Patagonian toothfish

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Patagonian toothfish
Scientific classification edit
Kingdom: Animalia
Phylum: Chordata
Class: Actinopterygii
Order: Perciformes
Family: Nototheniidae
Genus: Dissostichus
D. eleginoides
Binomial name
Dissostichus eleginoides
Smitt, 1898

The Patagonian toothfish (Dissostichus eleginoides) is a species of notothen found in cold waters (1–4 °C or 34–39 °F) between depths of 45 and 3,850 m (150 and 12,630 ft) in the southern Atlantic, Pacific, and Indian Oceans and Southern Ocean on seamounts and continental shelves around most Subantarctic islands.

A close relative, the Antarctic toothfish (Dissostichus mawsoni), is found farther south around the edges of the Antarctic shelf, and a Marine Stewardship Council-certified fishery is active in the Ross Sea. Both species are sometimes marketed as Chilean sea bass.[2][3]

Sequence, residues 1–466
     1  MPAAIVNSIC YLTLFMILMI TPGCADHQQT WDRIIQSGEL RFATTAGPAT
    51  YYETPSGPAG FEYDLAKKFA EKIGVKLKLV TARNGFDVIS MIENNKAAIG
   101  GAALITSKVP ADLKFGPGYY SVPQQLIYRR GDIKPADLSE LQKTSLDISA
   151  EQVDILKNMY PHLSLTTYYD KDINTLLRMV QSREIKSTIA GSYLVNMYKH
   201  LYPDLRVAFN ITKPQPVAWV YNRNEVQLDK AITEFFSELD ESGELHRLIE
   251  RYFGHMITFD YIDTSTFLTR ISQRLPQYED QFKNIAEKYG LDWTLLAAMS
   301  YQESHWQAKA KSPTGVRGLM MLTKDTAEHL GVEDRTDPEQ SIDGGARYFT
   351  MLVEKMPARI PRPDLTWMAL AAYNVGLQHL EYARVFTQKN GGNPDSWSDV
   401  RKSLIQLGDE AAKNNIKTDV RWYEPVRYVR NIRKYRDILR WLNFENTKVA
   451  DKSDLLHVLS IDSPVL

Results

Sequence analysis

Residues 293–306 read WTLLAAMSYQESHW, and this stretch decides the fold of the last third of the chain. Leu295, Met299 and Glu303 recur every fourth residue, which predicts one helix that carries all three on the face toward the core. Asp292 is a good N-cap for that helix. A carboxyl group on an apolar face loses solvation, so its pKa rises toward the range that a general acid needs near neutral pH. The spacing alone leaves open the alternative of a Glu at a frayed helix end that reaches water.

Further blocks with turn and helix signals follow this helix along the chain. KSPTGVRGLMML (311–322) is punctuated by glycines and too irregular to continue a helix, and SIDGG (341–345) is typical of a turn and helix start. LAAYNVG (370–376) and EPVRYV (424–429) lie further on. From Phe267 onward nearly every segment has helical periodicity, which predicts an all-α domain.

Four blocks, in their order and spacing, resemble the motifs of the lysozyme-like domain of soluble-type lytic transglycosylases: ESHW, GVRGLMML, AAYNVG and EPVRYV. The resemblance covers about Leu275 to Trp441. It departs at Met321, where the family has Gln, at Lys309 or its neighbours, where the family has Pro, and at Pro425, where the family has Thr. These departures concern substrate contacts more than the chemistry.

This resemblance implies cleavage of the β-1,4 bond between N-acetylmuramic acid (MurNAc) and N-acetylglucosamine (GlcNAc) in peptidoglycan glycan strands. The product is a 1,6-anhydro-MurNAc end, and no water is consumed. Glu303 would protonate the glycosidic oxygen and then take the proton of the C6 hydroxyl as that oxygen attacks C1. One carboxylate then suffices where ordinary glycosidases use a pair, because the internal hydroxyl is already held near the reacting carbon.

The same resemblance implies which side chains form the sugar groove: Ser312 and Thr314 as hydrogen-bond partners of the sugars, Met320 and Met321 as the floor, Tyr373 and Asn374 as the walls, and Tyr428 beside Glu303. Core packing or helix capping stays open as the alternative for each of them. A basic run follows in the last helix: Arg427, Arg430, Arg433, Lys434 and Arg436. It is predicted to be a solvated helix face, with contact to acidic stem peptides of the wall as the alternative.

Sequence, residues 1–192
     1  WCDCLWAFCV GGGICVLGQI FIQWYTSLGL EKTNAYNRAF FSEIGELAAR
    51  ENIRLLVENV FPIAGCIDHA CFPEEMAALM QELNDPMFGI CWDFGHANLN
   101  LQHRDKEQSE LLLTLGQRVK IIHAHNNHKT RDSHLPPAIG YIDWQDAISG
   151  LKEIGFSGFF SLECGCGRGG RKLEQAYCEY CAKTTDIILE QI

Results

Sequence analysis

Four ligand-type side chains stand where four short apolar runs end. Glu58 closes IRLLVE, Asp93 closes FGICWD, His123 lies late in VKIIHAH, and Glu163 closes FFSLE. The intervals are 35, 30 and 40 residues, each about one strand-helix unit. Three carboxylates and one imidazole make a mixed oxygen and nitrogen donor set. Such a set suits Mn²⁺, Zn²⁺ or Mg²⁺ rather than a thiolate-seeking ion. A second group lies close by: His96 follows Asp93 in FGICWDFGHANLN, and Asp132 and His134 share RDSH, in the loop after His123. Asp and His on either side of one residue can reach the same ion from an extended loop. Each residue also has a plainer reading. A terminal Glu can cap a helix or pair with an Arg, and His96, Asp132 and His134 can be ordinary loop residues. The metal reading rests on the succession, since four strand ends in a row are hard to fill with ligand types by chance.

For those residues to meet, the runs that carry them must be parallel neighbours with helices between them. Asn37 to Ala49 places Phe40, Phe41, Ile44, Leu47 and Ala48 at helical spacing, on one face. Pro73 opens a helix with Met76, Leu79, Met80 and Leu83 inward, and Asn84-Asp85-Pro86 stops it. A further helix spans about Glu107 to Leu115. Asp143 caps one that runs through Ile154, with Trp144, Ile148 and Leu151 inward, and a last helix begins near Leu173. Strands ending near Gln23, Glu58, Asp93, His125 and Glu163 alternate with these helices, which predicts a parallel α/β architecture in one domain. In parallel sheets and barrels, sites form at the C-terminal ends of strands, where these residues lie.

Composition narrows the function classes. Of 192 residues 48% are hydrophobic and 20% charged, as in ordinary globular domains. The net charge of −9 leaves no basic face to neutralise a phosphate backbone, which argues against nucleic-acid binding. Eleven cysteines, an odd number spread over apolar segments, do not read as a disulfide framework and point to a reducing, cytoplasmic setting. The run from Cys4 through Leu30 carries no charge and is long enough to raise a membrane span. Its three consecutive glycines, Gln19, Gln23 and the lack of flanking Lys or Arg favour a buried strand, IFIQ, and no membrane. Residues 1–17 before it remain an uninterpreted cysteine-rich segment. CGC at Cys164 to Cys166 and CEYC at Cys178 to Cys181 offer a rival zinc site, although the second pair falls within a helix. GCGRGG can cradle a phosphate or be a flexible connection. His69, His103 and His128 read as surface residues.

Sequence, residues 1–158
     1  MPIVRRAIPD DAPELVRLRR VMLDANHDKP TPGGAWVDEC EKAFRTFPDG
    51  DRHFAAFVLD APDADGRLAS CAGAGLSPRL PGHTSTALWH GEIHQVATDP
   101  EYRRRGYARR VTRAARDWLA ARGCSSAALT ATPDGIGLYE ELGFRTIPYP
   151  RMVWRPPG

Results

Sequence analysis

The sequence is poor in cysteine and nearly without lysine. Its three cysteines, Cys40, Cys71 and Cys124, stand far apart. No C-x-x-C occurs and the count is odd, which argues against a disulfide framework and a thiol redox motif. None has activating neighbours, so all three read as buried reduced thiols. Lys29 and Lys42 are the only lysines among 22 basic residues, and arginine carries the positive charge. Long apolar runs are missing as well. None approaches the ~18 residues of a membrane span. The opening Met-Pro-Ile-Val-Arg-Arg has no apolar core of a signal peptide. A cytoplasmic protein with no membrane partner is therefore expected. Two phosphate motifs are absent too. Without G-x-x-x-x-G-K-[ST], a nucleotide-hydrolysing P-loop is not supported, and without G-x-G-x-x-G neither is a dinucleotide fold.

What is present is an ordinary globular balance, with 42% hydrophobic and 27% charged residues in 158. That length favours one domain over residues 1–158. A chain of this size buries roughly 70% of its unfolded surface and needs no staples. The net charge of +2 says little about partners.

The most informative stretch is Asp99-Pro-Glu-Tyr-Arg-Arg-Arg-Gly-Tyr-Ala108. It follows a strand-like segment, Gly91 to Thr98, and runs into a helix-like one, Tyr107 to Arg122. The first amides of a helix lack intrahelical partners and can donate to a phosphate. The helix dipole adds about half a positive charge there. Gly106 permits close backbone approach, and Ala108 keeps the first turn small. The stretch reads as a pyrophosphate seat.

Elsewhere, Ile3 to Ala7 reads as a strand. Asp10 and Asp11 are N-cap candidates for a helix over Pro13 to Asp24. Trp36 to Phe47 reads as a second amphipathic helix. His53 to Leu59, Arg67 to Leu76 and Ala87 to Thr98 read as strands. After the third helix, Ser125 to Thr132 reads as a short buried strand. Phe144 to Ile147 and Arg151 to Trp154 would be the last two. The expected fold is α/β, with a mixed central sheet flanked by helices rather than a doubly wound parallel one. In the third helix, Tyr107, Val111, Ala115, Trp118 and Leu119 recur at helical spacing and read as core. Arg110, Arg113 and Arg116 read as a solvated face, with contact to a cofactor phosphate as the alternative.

The average weight of a commercially caught Patagonian toothfish is 7–10 kg (15–22 lb), depending on the fishery, with large adults occasionally exceeding 100 kg (220 lb). They are thought to live up to 50 years[4] and to reach a length up to 2.3 m (7.5 ft). Several commercial fisheries exist for Patagonian toothfish, which are detailed below.


The Patagonian toothfish was first formally described in 1898 by the Swedish zoologist Fredrik Adam Smitt with the type locality given as Puerto Toro at 55°24'S, 68°17'W on the Chilean part of Tierra del Fuego.[5] Smitt also described the new genus Dissostichus for this new species, meaning that the Patagonian toothfish is the type species of this genus by monotypy.[6] The specific name eleginoides means having the form of, i.e. having a similar shape to, Eleginops.[7]